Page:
1930: the year marked by retrospect
Marking a fairly radical change in creative angle, Lipschitz intrigues as much as it fascinates. Critics study his evolution, the public flocks to the doors of each exhibition, curious to discover what his next invention will be. Quite naturally, in 1930, the artist sculptor presented a retrospective, to the point of view of the artist. Paris, between the walls of the Renaissance gallery, a name ô how appropriate.
Opportunity; New Yorker
Five years pass peacefully after the artist's retrospective. In 1935, Lipschitz found himself face to face with an opportunity that he cannot miss: an ambitious exhibition, within the famous Brummer Galery in New York. Despite complex logistics and masterful pressure, Lipschitz accepts and meets this new challenge with flying colors. Proof of this is his remarkable entry, two years later, at the Universal Exhibition. The Second World War redistributes the cards and imposes flight on all sides. the artist who leaves the capital, then quickly, France. The latter then leaves his luggage in America.
A prolific artist
Lipschitz is a lucky sculptor who keeps ordering and never finds himself without some kind of project in progress. development courses. It notably carries out:
- "Peace on earth": this sculpture, made entirely of bronze, measures around fifteen meters high,
- "Bellerophon Taming Pegasus": this monument is the last project that the artist managed to complete. deliver before dying. It represents, as its name suggests, Pegasus and Bellerophon,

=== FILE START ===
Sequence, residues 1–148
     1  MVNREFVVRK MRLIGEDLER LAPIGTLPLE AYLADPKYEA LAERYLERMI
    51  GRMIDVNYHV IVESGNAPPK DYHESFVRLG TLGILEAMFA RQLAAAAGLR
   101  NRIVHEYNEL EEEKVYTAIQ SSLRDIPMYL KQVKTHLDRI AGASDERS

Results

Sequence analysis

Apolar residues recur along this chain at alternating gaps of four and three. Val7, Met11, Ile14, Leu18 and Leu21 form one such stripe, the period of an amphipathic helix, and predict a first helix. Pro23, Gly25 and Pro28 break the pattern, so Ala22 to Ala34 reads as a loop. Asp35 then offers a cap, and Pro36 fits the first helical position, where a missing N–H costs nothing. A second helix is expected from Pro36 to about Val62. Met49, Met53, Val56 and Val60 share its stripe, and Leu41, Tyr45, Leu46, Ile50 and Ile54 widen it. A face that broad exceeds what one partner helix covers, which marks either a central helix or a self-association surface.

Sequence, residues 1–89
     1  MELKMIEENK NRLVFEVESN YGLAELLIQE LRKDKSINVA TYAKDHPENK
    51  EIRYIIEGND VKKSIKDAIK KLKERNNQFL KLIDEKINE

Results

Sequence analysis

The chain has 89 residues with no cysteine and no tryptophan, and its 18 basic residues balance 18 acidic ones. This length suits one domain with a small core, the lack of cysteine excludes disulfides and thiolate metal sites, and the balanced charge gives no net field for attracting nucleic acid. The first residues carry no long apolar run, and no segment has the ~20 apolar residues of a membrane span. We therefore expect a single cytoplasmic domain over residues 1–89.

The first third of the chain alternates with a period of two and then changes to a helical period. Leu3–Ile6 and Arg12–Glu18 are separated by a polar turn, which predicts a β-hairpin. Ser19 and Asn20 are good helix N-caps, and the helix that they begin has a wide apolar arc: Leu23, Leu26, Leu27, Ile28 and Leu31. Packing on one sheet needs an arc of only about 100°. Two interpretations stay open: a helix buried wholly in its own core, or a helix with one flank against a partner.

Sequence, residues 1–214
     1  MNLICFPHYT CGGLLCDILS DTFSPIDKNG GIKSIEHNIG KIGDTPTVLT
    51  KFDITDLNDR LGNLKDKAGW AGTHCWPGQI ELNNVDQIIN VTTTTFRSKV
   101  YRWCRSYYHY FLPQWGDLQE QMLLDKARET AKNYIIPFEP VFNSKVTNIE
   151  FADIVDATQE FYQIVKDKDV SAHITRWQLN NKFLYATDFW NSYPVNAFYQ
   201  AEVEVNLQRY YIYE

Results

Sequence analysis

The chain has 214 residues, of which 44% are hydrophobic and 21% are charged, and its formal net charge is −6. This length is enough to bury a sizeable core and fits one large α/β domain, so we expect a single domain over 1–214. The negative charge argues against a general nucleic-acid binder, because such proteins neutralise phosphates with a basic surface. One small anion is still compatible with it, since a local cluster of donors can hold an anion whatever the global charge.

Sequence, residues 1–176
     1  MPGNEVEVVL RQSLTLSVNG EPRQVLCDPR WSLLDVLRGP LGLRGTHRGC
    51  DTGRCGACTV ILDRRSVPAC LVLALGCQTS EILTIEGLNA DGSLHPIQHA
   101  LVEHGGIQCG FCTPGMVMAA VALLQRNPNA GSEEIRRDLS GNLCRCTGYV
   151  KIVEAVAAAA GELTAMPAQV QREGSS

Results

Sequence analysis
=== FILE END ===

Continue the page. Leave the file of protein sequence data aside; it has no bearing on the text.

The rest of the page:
- "Our tree of life": a structure of colossal dimensions that he will not complete during his lifetime. However, this project is being carried out his term, by the expert hands of his second wife.
Sculptor, until his last hour
Lipschitz is an invested artist, having a passion for art. heart to honor all its commitments. He never gives up, even when the scale of the work proves gigantic. Passionate and meticulous, he devotes himself to his passion, his job, until until his body ends up betraying him. The artist sculptor died on May 26, 1973. He then lived in Paris. Capri, with his second wife.
"Copy nature and you infringe the work of our Lord. Interpret nature and you will be an artist." em>
"In the early 1920s, I knew I had to go beyond the simple Cubist vocabulary I had learned and find a new content, a new personal expression. Abstraction has never been enough for me."
"I also found the so-called high art too pompous, too stiff. was freer, more imaginative, more open to all kinds of unorthodox expressions, to all kinds of daring in the handling of materials, and I preferred to surround myself with this type of art."
"All my life as an artist, I have asked myself: what continually pushes me to make sculpture? J I found the answer - at least the answer for myself. Art is an action against death. It is the denial of death."
"I'm most curious to see what the next thing I do will be."